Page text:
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Did Godot Turn Up After All? PDF Drucken E-Mail
By Julian Scutts

 

An analysis of word use in Waiting for Godot

 

A study of symbols and key words in En Attendant Godot
(Waiting for Godot).

 

It might be questioned whether En attendant Godot was suitable material for the study of symbols in view of the common contention that Samuel Beckett’s dramas negate the very axioms on which the categories of subject, object, coherence and symbolic meaning are based. A symbol may be defined as a recognizable or familiar object that represents something general or abstract. Received symbols of  the kind often found in religious or literary traditions are not entirely absent in En Attendant Godot, a notable case being the tree at which Didi and Gogo expect to meet Godot, but in genera.l mundane things with no conventional symbolic significance, hats, boots, rope or a folding chair, acquire the function of metaphors by implications drawn from their context and the progression of events as the drama unravels. The play’s essentially symbolic nature is pointed out explicitly in Act II when Vladimir and Estragon debate whether they should answer Pozzo’s call for help. Vladimir argues that Pozzo’s call is addressed to all humanity, and that in the given situation it is all humanity that Vladimir and Estragon represent.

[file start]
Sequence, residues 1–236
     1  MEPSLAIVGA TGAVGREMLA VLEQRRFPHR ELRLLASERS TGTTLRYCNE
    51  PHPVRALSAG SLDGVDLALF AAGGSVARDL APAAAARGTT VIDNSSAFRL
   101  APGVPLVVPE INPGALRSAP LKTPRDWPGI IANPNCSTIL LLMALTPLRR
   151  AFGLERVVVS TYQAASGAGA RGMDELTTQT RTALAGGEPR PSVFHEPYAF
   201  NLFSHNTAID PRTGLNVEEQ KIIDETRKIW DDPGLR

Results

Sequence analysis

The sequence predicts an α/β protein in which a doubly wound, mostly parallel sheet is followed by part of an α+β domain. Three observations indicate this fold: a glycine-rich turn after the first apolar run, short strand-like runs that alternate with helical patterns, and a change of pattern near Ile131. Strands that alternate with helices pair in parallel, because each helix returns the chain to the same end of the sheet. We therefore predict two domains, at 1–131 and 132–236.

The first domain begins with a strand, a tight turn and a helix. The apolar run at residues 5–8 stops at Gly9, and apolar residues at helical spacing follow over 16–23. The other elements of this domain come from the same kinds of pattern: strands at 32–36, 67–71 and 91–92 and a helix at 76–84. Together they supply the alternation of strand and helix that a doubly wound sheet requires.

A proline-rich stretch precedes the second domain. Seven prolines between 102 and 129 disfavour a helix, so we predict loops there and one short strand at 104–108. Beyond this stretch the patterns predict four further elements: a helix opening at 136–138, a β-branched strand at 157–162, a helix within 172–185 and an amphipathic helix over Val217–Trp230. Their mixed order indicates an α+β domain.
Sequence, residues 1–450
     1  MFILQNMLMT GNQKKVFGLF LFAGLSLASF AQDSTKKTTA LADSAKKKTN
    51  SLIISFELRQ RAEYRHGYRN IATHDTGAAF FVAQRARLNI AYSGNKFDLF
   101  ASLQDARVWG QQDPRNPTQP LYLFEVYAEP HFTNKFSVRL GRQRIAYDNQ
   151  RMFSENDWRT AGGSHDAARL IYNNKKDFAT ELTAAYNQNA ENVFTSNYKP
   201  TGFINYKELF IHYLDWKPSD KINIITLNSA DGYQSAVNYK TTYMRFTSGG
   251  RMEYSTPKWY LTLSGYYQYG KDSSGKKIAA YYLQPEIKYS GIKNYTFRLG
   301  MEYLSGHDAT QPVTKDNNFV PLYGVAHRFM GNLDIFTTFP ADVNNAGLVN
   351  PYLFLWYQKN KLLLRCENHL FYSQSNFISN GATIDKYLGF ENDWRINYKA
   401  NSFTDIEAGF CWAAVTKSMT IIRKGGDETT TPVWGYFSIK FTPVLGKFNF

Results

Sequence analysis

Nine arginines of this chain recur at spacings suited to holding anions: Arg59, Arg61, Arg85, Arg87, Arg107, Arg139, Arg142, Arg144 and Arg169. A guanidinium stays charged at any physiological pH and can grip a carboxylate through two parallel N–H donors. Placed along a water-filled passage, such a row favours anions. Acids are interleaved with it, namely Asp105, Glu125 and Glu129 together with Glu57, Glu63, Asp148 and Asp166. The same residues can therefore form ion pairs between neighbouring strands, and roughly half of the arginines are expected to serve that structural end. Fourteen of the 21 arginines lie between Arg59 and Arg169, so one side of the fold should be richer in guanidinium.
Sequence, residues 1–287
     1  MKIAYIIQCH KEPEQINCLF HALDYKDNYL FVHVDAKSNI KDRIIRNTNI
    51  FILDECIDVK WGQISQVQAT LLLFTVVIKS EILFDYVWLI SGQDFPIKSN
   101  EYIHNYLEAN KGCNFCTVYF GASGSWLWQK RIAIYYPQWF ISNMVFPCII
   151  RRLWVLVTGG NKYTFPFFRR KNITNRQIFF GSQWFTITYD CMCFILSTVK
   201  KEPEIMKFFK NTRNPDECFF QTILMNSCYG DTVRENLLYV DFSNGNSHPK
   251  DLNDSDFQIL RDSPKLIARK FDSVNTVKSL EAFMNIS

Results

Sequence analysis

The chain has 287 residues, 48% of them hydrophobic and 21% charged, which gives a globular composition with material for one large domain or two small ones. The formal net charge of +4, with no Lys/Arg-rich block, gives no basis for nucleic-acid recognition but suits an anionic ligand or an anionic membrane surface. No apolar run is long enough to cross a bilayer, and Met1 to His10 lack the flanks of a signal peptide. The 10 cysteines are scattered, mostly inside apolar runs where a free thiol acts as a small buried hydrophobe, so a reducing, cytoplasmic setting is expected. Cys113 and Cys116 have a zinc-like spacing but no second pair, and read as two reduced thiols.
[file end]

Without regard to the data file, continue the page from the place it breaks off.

“L’appel que nous venons d’entendre, c’est plutôt à l’humanité tout entière qu’il s’adresse. Mais à cet endroit, en ce moment, l’humanité c’est nous, que ça nous plaise ou non.1
( “The call for help which we have just heard is chiefly addressed to the whole of humanity. But at this place and at this moment, humanity is us, whether we like it or not.”)

 

It is significant that Vladimir emphasizes the “here and now” in the words “à cet endroit, en ce moment”, for the sense of immediacy they inculcate runs counter to the implications of the play’s title announcing the theme of waiting interminably for somebody to turn up at some future time. Indeed, in the same scene Estragon uses words that echo the title of the play when asking:

 

”Well, then, let’s help him. What are we waiting for?” (“Eh bien, aidons-le. Qu’est-ce qu’on attend?”).2

 

This question combines two planes of reality. One concerns the immediate dramatic context, according to which Vladimir and Estragon debate the arguments for and against helping Pozzo. In such terms Vladimir and Estragon have an ulterior motive in helping Pozzo since they wish to secure his support for their plan to make an assault on Lucky while he is asleep. Vladimir, however, argues in favor of helping Pozzo for reasons of a more philosophical nature. As the words: ”We are waiting for Godot” have occurred only eight lines before, it becomes clear that the question “What are we waiting for?” concerns more than the particular reference to Pozzo but to the philosophic and possibly theological questions raised by the play’s very title. It is often the case in Beckett’s writings if not in literature as a whole that the meanings of words are to be ascertained in the light of the words’ immediate context and in a general or absolute sense. If we make a cross-connection between Pozzo and Godot, in what sense can such an identification be made? Pozzo, no less than Vladimir, Estragon and even Lucky, is identified as a representative of all humanity, for just after Vladimir and Estragon teasingly call Pozzo “Cain and Abel”, Estragon exclaims “All this is humanity” (“C’est tout l’humanité”).3 The juncture at which Estragon says that Pozzo and Lucky represent humanity is one at which the latter are shown to be suffering pain and humiliation. Here it is enlightening to compare how the French and English versions of the play apparently diverge in the following lines.